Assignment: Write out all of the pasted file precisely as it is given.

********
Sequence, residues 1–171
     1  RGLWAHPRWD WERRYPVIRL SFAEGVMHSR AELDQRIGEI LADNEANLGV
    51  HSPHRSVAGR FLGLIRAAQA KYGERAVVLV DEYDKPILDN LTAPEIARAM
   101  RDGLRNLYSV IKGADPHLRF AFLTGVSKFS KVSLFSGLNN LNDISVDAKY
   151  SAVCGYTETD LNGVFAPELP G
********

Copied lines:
Sequence, residues 1–171
     1  RGLWAHPRWD WERRYPVIRL SFAEGVMHSR AELDQRIGEI LADNEANLGV
    51  HSPHRSVAGR FLGLIRAAQA KYGERAVVLV DEYDKPILDN LTAPEIARAM
   101  RDGLRNLYSV IKGADPHLRF AFLTGVSKFS KVSLFSGLNN LNDISVDAKY
   151  SAVCGYTETD LNGVFAPELP G